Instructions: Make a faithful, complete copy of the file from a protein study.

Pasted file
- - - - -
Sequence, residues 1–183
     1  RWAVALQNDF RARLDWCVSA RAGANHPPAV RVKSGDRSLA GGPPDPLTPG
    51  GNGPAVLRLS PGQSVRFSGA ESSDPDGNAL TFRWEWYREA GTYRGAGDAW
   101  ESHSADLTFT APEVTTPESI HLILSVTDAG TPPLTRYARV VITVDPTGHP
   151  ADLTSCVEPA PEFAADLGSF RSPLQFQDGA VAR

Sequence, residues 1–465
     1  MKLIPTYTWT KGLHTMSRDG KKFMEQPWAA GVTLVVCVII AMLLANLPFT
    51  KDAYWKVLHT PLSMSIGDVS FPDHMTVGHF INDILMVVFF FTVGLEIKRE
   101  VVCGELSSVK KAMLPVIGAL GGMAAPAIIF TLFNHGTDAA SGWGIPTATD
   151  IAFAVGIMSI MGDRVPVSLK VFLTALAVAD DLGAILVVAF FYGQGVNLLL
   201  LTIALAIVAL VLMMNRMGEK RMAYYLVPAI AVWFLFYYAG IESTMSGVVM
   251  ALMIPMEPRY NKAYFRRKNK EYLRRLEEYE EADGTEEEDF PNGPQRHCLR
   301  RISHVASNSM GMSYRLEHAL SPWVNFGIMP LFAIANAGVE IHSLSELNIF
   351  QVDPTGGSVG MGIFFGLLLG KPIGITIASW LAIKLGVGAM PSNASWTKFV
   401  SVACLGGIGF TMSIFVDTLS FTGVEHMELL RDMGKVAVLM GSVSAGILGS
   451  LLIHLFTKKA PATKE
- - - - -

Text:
Sequence, residues 1–183
     1  RWAVALQNDF RARLDWCVSA RAGANHPPAV RVKSGDRSLA GGPPDPLTPG
    51  GNGPAVLRLS PGQSVRFSGA ESSDPDGNAL TFRWEWYREA GTYRGAGDAW
   101  ESHSADLTFT APEVTTPESI HLILSVTDAG TPPLTRYARV VITVDPTGHP
   151  ADLTSCVEPA PEFAADLGSF RSPLQFQDGA VAR

Sequence, residues 1–465
     1  MKLIPTYTWT KGLHTMSRDG KKFMEQPWAA GVTLVVCVII AMLLANLPFT
    51  KDAYWKVLHT PLSMSIGDVS FPDHMTVGHF INDILMVVFF FTVGLEIKRE
   101  VVCGELSSVK KAMLPVIGAL GGMAAPAIIF TLFNHGTDAA SGWGIPTATD
   151  IAFAVGIMSI MGDRVPVSLK VFLTALAVAD DLGAILVVAF FYGQGVNLLL
   201  LTIALAIVAL VLMMNRMGEK RMAYYLVPAI AVWFLFYYAG IESTMSGVVM
   251  ALMIPMEPRY NKAYFRRKNK EYLRRLEEYE EADGTEEEDF PNGPQRHCLR
   301  RISHVASNSM GMSYRLEHAL SPWVNFGIMP LFAIANAGVE IHSLSELNIF
   351  QVDPTGGSVG MGIFFGLLLG KPIGITIASW LAIKLGVGAM PSNASWTKFV
   401  SVACLGGIGF TMSIFVDTLS FTGVEHMELL RDMGKVAVLM GSVSAGILGS
   451  LLIHLFTKKA PATKE